Sanchez III–       Sanchez v. Smart Fabricators of Texas, LLC, 950 F.3d 620 (5th Cir. March 11, 2020), where a panel of the Fifth Circuit affirmed Sanchez I and Sanchez II;

Sanchez IV –       Sanchez v. Smart Fabricators of Texas, LLC, 970 F.3d 550 (5th Cir. August 14, 2020), where a different panel of the Fifth Circuit vacated Sanchez III, reversed the trial court on both Sanchez I and Sanchez II, and remanded the case with instructions … but also in a 3 judge concurrence asked the Fifth Circuit to take the case en banc to clarify the seaman’s status test;

Sanchez V – Sanchez v. Smart Fabricators of Texas, LLC, 978 F.3d 976 (5th Cir. 2020), wherein the Fifth Circuit granted an en banc rehearing and vacated Sanchez IV.

Sanchez VI The May 11, 2021 en banc decision where the full Fifth Circuit, with no dissent, modified the seaman’s status test and ultimately affirmed Sanchez I, II, and III.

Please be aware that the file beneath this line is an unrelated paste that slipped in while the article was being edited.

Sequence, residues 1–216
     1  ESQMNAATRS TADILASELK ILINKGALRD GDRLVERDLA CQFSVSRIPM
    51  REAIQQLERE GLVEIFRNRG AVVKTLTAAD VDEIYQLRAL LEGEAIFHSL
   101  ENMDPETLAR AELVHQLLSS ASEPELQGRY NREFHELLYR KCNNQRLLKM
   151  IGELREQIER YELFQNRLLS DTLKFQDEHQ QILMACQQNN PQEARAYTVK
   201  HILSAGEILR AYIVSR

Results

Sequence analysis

-2-    Operative Facts

From these opinions, we know the following facts. 

According to the trial court’s record, most of Sanchez’ time aboard Enterprise vessels happened on a jack-up rig – the Enterprise WFD 350 – that was adjacent to a dock for repairs.[3]  Sanchez worked for SFT for a total of 67 days, with 48 of them on the Enterprise WFD 305, 2 days in a land-based shop, and 13 days on the Enterprise 263 while that vessel was on the Outer Continental Shelf (“OCS”).[4] 

Enterprise and SFT presented evidence that the Enterprise WFD 350 was, for the totality of Sanchez’ time on it, both jacked up above water and literally two steps away from the dock.[5]  Sanchez did not sleep on the Enterprise WFD 350, and only performed discrete tasks, after which his affiliation with that particular vessel ended.[6]

Sanchez tripped on a pipe and injured his back in August 2018 while working aboard the Enterprise 263 while it was jacked up on the OCS.[7]  Sanchez sued Enterprise as a Jones Act seaman, claiming he satisfied all aspects of the aforementioned Seaman’s Status test, and did so in state court under the Saving to Suitors clause.[8]